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Differential associations of various depression-related phenotypes with cardiometabolic risks: Identification of shared genetic factors and implications for drug repositioning

By Brian Chi-Fung Wong, Carlos Kwan-Long Chau, Kim-Anh Le Cao, Cheuk-Hei Mo, Sze-Yung Wong, Yui-Hang Wong, Hon-Cheong So

Posted 22 May 2017
bioRxiv DOI: 10.1101/140590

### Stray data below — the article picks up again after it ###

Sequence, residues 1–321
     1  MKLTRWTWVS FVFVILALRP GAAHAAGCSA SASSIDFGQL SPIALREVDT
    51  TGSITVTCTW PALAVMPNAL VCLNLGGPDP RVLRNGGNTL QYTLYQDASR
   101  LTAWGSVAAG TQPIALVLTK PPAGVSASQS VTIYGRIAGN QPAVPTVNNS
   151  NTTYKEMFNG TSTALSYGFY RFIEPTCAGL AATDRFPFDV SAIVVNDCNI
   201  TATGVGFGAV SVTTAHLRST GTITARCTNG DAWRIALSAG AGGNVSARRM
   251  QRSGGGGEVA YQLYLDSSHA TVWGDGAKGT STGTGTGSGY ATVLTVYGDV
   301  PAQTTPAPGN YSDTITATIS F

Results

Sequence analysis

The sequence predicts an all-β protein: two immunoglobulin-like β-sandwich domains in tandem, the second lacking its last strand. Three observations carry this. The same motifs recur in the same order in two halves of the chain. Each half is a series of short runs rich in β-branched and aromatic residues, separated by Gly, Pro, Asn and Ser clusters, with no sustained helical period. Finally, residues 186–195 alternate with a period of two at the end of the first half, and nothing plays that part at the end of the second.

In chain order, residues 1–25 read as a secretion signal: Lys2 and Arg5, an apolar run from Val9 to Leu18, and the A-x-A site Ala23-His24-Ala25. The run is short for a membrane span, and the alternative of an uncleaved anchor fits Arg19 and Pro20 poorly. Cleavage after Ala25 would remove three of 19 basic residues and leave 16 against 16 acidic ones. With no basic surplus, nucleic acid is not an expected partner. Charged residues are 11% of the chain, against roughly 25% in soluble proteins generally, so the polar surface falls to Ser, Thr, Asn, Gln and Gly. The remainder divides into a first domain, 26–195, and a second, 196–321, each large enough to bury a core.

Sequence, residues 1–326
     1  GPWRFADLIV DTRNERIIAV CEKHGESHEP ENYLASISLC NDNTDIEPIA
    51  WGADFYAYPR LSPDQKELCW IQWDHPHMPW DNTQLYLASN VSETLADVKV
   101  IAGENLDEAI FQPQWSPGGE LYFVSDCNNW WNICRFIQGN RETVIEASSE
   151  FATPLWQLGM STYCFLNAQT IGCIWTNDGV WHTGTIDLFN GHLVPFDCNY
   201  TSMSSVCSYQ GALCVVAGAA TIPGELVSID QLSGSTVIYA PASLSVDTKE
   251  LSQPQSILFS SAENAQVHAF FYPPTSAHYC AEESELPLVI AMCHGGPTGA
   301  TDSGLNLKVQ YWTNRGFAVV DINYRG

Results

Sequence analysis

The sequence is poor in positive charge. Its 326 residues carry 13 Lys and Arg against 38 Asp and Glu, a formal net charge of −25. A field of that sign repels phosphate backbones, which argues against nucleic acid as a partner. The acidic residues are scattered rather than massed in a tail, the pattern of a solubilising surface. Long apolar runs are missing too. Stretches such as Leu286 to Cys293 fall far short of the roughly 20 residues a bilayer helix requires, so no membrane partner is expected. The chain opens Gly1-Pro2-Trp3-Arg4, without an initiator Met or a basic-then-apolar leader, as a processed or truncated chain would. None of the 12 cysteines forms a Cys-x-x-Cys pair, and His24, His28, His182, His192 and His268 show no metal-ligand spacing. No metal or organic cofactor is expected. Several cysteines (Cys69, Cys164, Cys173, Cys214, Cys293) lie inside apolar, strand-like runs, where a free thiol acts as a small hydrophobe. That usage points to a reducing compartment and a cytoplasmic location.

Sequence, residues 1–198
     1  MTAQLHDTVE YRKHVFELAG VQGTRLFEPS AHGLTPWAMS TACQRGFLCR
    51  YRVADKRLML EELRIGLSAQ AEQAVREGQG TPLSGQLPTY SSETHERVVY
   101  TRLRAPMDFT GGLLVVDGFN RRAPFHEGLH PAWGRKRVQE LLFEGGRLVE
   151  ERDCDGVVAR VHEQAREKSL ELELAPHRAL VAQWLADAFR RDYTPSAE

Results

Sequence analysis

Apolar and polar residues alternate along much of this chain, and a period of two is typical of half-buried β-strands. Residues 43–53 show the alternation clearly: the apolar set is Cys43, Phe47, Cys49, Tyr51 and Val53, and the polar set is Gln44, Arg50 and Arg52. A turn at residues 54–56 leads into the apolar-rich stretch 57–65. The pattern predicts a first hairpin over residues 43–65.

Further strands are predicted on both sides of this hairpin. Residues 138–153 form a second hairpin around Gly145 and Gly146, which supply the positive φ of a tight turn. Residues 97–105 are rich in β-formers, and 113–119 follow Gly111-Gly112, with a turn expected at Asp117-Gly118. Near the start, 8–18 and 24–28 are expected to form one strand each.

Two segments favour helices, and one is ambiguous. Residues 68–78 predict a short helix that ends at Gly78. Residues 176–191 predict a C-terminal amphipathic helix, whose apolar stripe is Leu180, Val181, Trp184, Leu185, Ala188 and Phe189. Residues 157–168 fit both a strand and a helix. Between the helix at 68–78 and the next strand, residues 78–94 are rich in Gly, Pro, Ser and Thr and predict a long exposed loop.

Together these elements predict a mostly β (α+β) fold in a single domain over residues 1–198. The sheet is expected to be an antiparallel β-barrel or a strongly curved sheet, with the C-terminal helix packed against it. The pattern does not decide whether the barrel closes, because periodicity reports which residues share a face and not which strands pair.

Numerous studies have suggested associations between depression and cardiometabolic abnormalities or diseases, such as coronary artery disease and type 2 diabetes. However, little is known about the mechanism underlying this comorbidity, and whether the relationship differs by depression subtypes. Using the polygenic risk score (PRS) approach and linkage disequilibrium (LD) score regression, we investigated the genetic overlap of various depression-related phenotypes with a comprehensive panel of 20 cardiometabolic traits. GWAS results for major depressive disorder (MDD) were taken from the PGC and CONVERGE studies, with the latter focusing on severe melancholic depression. GWAS results on general depressive symptoms (DS) and neuroticism were also included. We also identified the shared genetic variants and inferred enriched pathways. In addition, we looked for drugs over-represented among the top shared genes, with an aim to finding repositioning opportunities for comorbidities. We found significant polygenic sharing between MDD, DS and neuroticism with various cardiometabolic traits. In general, positive polygenic associations with CV risks were observed for most depression phenotypes except MDD-CONVERGE. Counterintuitively, PRS representing severe melancholic depression was associated with reduced CV risks. Enrichment analyses of shared SNPs revealed many interesting pathways, such as those related to inflammation, that underlie the comorbidity of depressive and cardiometabolic traits. Using a gene-set analysis approach, we also revealed a number of repositioning candidates, some of which were supported by prior studies, such as bupropion and glutathione. Our study highlights shared genetic bases of depression with cardiometabolic traits, and suggests the associations vary by depression subtypes. To our knowledge, this is the also first study to make use of human genomic data to guide drug discovery or repositioning for comorbid disorders.

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